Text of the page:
To learn more about Guideline and the rest of our autonomous technologies, contact us today!
The May 2017 issue of International Mining Magazine published a feature article on ASI highlighting our innovative, graduated approach to implementing autonomous solutions for mining companies. This graduated autonomy model champions the deliberate and incremental integration of driverless elements that charts the pathway to a fully unmanned operation.
THE PITFALLS OF PIECEMEAL WITHOUT A ROADMAP
Going from a manned fleet to an unmanned one is a complex endeavor that is unfeasible for many mining operations, whether it be due to the inability to fund such an initiative or the possibility of short-term production disruption during the transition. In order to wade into the waters of autonomy, some mine operation have taken a piecemeal approach, rolling out select autonomous elements without considering how these assets will fit into a complete system that one day realizes full autonomy.
Investing in a few automated solutions here and there without a clear view of the big picture frequently results in wasted time and money when operations discover that their equipment must be scrapped in order to advance to a new level of greater autonomy.
THE GRADUAL APPROACH
ASI’s model is designed not just for big mining companies seeking to transition to full autonomy in a pragmatic step-by-step fashion, but also mid-tier and smaller operations with limited resources. The gradual approach is conceived as an integrated, concentric pie chart that encompasses all elements of full autonomy and the steps needed to achieve it.
Our model is supported by technology that is OEM agnostic and scalable, meaning that assets are interoperable with those from multiple vendors, both existing and new, and can be expanded at a time of the client’s choosing. This incremental and future-proof system is advantageous to operations of all sizes, since it provides an opportunity to customize and configure an approach to each site, depending on its unique readiness.
THE FLEXIBILITY OF MOBIUS
The ASI incremental approach is made possible by centering our Mobius Command and Control platform at the core. The software initially delivers partial automation of the haulage fleet, and operator assist functions such as collision warning, fatigue monitoring, or auto spotting.
We developed it as a flexible solution that can operate as a fleet management system or integrate with an existing one. While a company may start off small by implementing a few operator assist functions, Mobius stands ready to scale into more advanced features until full autonomy is attained.
In order to deliver the greatest value to customers both now and in the future, ASI’s graduated model charts a sample path one could take to reach full autonomy. Mine operations can add autonomous solutions at their own pace with the confidence that each investment brings them one step closer to a completely unmanned operation.
If you’d like a more detailed pathway, our autonomy application specialists are ready to help!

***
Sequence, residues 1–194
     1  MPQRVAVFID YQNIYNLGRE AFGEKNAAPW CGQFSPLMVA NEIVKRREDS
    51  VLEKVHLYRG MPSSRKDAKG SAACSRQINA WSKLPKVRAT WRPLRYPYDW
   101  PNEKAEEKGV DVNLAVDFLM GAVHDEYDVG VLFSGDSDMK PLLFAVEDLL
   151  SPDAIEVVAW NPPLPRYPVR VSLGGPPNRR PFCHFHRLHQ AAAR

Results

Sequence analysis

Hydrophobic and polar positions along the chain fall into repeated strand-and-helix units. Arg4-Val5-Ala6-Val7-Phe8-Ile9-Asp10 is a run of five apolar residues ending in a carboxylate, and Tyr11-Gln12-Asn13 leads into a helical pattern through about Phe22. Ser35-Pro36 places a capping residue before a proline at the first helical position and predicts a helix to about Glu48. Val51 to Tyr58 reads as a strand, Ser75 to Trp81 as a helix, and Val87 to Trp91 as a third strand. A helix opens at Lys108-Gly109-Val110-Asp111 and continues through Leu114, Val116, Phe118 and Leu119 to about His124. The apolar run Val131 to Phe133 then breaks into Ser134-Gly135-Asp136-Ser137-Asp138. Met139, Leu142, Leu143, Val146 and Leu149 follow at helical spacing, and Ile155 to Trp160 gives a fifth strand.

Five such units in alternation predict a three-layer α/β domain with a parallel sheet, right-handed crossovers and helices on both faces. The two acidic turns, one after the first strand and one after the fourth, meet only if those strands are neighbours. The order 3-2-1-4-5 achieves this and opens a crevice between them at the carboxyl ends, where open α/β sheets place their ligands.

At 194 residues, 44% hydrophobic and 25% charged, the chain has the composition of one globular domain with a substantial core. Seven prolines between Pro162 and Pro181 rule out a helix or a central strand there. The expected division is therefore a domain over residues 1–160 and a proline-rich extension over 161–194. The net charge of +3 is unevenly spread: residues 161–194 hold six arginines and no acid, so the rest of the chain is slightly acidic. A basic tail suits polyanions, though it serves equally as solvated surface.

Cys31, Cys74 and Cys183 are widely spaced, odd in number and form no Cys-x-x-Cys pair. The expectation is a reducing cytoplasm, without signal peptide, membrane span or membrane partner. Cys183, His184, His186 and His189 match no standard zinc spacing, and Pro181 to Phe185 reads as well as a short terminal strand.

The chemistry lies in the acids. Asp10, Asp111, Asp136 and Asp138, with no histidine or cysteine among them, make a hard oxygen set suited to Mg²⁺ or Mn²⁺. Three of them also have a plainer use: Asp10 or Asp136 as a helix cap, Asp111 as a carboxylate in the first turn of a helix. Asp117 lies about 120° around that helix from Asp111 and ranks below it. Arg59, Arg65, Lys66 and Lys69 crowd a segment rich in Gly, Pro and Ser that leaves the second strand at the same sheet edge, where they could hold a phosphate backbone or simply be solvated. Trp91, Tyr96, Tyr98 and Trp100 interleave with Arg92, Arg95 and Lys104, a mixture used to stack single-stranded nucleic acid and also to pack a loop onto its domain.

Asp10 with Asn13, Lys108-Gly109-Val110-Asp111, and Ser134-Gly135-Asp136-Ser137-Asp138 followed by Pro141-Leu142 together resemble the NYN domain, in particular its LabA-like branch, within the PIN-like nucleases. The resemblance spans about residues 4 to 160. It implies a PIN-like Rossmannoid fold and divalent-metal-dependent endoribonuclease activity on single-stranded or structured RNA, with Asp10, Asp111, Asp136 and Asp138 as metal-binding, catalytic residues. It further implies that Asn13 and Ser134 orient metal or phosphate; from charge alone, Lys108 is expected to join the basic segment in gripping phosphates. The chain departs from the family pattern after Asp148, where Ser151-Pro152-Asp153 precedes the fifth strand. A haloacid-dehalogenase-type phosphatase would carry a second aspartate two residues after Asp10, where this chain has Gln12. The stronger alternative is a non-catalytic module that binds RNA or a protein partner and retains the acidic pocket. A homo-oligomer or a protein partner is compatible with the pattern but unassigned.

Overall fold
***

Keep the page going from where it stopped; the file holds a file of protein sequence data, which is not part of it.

As automation becomes more prevalent across industries, people are encountering new words and terminology that are associated with the growing technology. Operators at mining companies making their foray into autonomy have no doubt come across the terms “spot assist” and “auto spot.”
While the two may sound similar, each term has its own specific definition which must be understood for operations hoping to make the most out of cutting-edge autonomous solutions.
Spot assist is a manned solution that communicates to the haul truck operator via a tablet. It assists the human driver by audibly and visually signaling where to back up to a shovel for loading. This can improve productivity and safety in potentially dangerous mining scenarios where a wrong move could prove costly.
Auto spot takes spot assist to the next level by removing the driver’s need to manually control the vehicle while in the load zone. Much like cruse control solutions in automobiles, auto spot turns control of the haul truck over to the robotic system.
As a driverless technology, auto spot performs the necessary truck operations with the ability to navigate to a precise spot point and avoid any contact with surrounding vehicles, infrastructure, or obstacles.
It’s important to understand the difference between spot assist and auto spot features before making an investment in autonomous technology. Spot assist is great as a first step into autonomy, giving users familiarity with the capabilities of intelligent software and hardware, while keeping vehicular control in the hands of humans.
ASI’s Mobius platform has been specifically developed to allow scaling up from solutions like Spot Assist to Auto Spot when it makes sense for the operation.
While other firms may offer auto spot capabilities, their system may not offer scaling, meaning the initial investment would have to be scrapped and rebuilt from the ground up in order to progress to a more autonomous solution. Not so with Mobius.
To discover more about the versatile Mobius platform and ASI’s rich autonomous solutions, visit us at www.asirobots.com/mining today!